World Bulletin / News Desk New UN envoy to Libya Martin Kobler on Sunday stressed the need for Libya’s rival political camps to quickly sign onto a proposed political agreement following months of negotiations.
The proposed agreement is meant to cover a one-year transitional phase, until a referendum on a new constitution and legislative elections can be held.
Kobler made the remarks at a Sunday press conference held at the headquarters of Libya’s Tripoli-based General National Congress (GNC) after holding a closed-door meeting with members of the GNC’s negotiating team.
Kobler arrived in Tripoli on Sunday for his first-ever visit after visiting the city of Tobruk one day earlier, where he met with the vice-president of the Tobruk-based House of Representatives, the GNC’s political rival.
At Sunday’s press conference, the UN envoy asserted the need to "move quickly towards the signing of a political agreement that will create strong and legitimate state institutions and enjoy the support of the Libyan people and the international community".
Kobler also voiced concern about the potential spread of the ISIL militant group and mounting insecurity in war-torn Libya.
"The war on terror [in Libya] must be led by unified and legitimate Libyan institutions with the help of the international community," he said.
Awad al-Sadiq, head of the GNC’s negotiating team, for his part, stressed the importance of dialogue to resolve the country’s political crisis and praised international efforts to resolve the ongoing deadlock.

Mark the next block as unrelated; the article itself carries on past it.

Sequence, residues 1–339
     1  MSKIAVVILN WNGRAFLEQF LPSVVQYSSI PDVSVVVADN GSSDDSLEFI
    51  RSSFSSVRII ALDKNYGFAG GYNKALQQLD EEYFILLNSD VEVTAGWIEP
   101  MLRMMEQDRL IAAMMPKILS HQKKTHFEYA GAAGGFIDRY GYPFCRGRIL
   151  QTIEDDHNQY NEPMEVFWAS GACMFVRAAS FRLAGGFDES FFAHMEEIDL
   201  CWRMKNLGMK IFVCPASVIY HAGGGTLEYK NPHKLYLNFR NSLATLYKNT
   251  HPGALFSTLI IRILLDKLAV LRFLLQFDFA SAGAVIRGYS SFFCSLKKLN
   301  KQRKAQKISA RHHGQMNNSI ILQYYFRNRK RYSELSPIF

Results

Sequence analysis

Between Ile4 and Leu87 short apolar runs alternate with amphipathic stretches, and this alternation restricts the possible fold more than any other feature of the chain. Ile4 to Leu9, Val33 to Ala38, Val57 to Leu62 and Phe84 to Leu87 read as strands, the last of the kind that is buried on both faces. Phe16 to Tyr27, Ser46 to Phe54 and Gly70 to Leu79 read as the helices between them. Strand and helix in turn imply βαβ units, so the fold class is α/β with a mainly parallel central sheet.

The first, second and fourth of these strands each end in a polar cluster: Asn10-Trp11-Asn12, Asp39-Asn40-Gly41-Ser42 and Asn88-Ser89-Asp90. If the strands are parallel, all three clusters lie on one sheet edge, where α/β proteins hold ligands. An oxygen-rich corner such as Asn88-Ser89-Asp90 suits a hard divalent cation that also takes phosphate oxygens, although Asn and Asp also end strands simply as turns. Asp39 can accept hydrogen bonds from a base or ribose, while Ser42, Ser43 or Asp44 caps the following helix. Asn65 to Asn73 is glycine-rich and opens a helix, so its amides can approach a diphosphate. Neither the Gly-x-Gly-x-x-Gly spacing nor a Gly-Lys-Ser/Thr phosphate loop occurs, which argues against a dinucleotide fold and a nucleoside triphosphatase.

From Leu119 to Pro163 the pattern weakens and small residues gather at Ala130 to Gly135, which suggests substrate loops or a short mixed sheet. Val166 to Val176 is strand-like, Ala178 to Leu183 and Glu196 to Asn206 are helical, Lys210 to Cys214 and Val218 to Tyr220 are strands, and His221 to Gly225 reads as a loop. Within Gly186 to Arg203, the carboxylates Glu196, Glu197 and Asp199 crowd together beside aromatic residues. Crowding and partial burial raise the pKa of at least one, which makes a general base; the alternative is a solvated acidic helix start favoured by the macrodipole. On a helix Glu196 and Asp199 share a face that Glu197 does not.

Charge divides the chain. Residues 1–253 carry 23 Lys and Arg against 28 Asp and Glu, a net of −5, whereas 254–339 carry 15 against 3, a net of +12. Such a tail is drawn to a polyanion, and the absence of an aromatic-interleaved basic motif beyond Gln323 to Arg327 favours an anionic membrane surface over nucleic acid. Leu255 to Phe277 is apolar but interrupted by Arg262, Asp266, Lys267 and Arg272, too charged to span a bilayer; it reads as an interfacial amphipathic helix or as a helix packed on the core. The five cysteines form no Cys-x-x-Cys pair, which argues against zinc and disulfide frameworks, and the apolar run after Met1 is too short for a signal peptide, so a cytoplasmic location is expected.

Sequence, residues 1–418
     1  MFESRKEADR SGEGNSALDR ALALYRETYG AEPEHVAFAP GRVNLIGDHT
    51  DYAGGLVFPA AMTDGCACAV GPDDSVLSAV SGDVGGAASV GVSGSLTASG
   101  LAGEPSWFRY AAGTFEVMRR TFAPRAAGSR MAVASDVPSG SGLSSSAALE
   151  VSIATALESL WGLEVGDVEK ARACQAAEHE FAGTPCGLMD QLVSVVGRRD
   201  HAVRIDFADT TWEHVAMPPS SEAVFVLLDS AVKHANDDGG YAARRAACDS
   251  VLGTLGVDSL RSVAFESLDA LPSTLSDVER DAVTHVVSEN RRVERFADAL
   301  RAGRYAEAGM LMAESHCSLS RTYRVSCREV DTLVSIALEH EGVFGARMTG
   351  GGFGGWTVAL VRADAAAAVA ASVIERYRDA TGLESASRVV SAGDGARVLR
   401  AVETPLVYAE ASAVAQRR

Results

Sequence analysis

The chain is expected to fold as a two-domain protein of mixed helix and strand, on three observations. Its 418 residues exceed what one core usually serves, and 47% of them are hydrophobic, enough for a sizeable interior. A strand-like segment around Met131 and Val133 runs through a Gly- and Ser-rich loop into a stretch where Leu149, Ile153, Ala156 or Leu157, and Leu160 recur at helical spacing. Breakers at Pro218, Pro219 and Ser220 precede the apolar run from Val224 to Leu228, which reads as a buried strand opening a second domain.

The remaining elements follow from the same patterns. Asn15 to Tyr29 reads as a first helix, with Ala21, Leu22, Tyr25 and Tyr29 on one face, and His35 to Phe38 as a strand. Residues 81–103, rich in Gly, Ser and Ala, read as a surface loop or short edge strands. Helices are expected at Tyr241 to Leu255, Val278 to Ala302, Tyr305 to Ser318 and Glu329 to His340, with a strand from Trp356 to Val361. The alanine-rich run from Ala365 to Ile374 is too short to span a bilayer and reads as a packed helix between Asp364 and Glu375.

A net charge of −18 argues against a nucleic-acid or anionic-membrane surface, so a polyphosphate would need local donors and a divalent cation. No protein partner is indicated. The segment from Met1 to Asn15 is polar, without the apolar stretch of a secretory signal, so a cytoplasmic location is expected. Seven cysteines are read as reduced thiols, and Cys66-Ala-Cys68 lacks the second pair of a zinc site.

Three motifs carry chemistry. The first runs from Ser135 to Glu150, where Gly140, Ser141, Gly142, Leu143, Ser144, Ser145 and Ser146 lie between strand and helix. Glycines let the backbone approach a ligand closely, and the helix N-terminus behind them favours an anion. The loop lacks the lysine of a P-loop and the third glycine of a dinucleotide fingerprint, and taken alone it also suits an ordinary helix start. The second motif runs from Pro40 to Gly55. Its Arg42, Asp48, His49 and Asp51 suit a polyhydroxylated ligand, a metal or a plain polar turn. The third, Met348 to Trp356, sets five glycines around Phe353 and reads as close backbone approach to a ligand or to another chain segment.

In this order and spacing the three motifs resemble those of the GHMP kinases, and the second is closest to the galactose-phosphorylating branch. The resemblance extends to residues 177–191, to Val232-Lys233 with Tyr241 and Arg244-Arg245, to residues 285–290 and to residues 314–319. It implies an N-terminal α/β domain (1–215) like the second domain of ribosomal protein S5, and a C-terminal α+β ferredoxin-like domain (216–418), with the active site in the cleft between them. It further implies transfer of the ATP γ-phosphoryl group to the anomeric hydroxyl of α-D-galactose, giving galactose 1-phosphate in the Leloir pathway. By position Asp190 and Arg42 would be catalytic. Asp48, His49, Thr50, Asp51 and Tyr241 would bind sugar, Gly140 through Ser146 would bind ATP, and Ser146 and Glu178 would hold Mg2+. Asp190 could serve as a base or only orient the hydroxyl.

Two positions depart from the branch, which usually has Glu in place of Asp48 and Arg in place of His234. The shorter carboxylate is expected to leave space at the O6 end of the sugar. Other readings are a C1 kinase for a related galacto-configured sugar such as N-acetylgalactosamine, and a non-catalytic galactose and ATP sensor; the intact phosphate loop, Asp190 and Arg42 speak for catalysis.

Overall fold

Al-Sadiq went on to note that members of his team had told the new envoy of their surprise over recent leaked emails concerning Kobler’s predecessor, Bernardino Leon, which, they said, could have derailed the ongoing talks.
Last week, The Guardian newspaper published leaked emails between Leon and United Arab Emirates Foreign Minister Abdullah bin Zayed.
The leaked mails appeared to show Leon’s bias in favor of the Tobruk-based House of Representatives, while also revealing the fact that Leon -- while serving as UN envoy to Libya -- had been receiving a hefty monthly salary from Abu Dhabi’s International Academy for Diplomacy.
According to al-Sadiq, GNC officials had asked the UN for "clarification" regarding the information revealed by the leaks but had yet to receive a response from the world body.
The proposed UN-backed agreement for Libya was initialed by both sides earlier this year in the Moroccan city of Skhirat.
The deal calls for the House of Representatives to serve as Libya’s legislative authority, a State Council to serve in an advisory capacity, and a council for the head of government, to be composed of representatives from all the country’s political parties.
The terms of the agreement are meant to last for an extendable one-year period.